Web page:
It is incredibly disturbing that the Chinese government failed to diagnose its most famous political prisoner as having cancer until it was too late for meaningful treatment. Liu Xiaobo is a scholar and democracy activist who was imprisoned primarily for his role in drafting Charter 08, a political manifesto that called for greater rule of law, respect for human rights and an end to one-party rule in China. He was detained two days before the public release of Charter 08, and in December 2009, he was sentenced to 11 years in prison for “inciting subversion of state power.”
On Oct. 8, 2010, the Norwegian Nobel Committee announced that Liu was the recipient of the Nobel Peace Prize. Within two weeks, Liu Xia was placed under house arrest and has been held without charge or trial for almost seven years.
Liu Xiaobo’s imprisonment coincided with China’s rise as a global power on the world stage. In recent years, China has raised its military budget past a record high of $145 billion annually and vigorously contested competing claims in the South China Sea. In its “One Belt, One Road Initiative,” China is investing hundreds of billions of dollars into infrastructure projects across Asia, Africa and Europe. And it has created the Asian Infrastructure Investment Bank, whose 57 members have contributed more than $100 billion, making it half the size of its rival World Bank. It has also positioned itself to be a key interlocutor with difficult states such as Iran and North Korea.
At home, however, Xi has faced serious economic and environmental challenges, as best highlighted by an extraordinary rise in domestic dissent. In response, Xi has unabashedly increased repression of religious and ethnic minorities, human rights lawyers and civil society activists; China reportedly now spends more than $120 billion annually on domestic security.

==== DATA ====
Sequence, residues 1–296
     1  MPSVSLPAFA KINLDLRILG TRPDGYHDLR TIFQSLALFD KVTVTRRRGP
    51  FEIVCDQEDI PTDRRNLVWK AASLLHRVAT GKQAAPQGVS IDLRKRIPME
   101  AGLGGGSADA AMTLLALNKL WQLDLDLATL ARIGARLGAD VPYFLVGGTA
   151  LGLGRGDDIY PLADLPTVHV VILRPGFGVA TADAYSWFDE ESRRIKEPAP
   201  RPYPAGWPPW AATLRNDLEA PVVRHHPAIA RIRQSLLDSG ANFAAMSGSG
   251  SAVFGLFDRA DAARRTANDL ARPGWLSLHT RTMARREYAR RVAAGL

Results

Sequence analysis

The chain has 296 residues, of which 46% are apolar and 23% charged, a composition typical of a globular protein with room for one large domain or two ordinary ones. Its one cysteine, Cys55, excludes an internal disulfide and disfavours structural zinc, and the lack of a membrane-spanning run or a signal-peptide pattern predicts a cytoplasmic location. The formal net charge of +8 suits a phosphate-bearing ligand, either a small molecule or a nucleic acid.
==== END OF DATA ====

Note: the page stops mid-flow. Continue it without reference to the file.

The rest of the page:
As China’s power and influence have increased, Western democracies have collectively engaged in self-censorship on human rights, choosing to prioritize what they have clearly believed to be their more important interests over their purported values. In the past five years, since Xi became president, discussions on human rights have been relegated to fruitless dialogues with the Chinese foreign ministry, which has never had any power over domestic concerns.
President Barack Obama led the West in playing down concerns with China on human rights and was conspicuous by his unwillingness to help Liu, his fellow Nobel Peace Prize laureate. He raised Liu Xiaobo’s case publicly only once after he was awarded the Nobel Peace Prize, and whatever he might have said privately clearly had no impact. At the same time, he did not join 134 Nobel laureates on a letter to Xi, did not publicly condemn Liu Xia’s detention under house arrest and even threatened to veto a bill, passed by the Senate, to rename the street in front of the Chinese Embassy “Liu Xiaobo Plaza.”
Chinese security officials even exploited the United States’ repeated refusal to help the Lius in torture sessions with detained Chinese dissidents. They explained to their victims that they surely must have observed that Washington had refused to help the world’s only imprisoned Nobel Peace Prize laureate and his wife — so what hope could they expect if they were to be disappeared, tortured or imprisoned? The American refusal of support to the Lius gave Xi license to act with total impunity to repress domestic dissent.
Much as that unknown protester stood in front of the tank in Tiananmen Square, Liu Xiaobo volunteered to be the first signatory of Charter 08, knowing that by symbolizing the Chinese people’s demands for human rights, democracy and the rule of law, he would pose a singular threat to the one-party system. For that courageous stand, he paid with his and his wife’s freedom, and he is about to pay with his life. Now is the time for Trump and the United States to honor his sacrifice and his dying wishes and to implore Chinese authorities to allow him to obtain medical treatment here and live out his remaining days in freedom.